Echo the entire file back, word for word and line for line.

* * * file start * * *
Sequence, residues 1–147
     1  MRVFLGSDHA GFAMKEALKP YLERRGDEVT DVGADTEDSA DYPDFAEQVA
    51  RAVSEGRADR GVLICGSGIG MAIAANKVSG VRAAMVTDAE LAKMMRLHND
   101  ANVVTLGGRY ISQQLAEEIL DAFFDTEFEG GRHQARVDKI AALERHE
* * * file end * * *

Sequence, residues 1–147
     1  MRVFLGSDHA GFAMKEALKP YLERRGDEVT DVGADTEDSA DYPDFAEQVA
    51  RAVSEGRADR GVLICGSGIG MAIAANKVSG VRAAMVTDAE LAKMMRLHND
   101  ANVVTLGGRY ISQQLAEEIL DAFFDTEFEG GRHQARVDKI AALERHE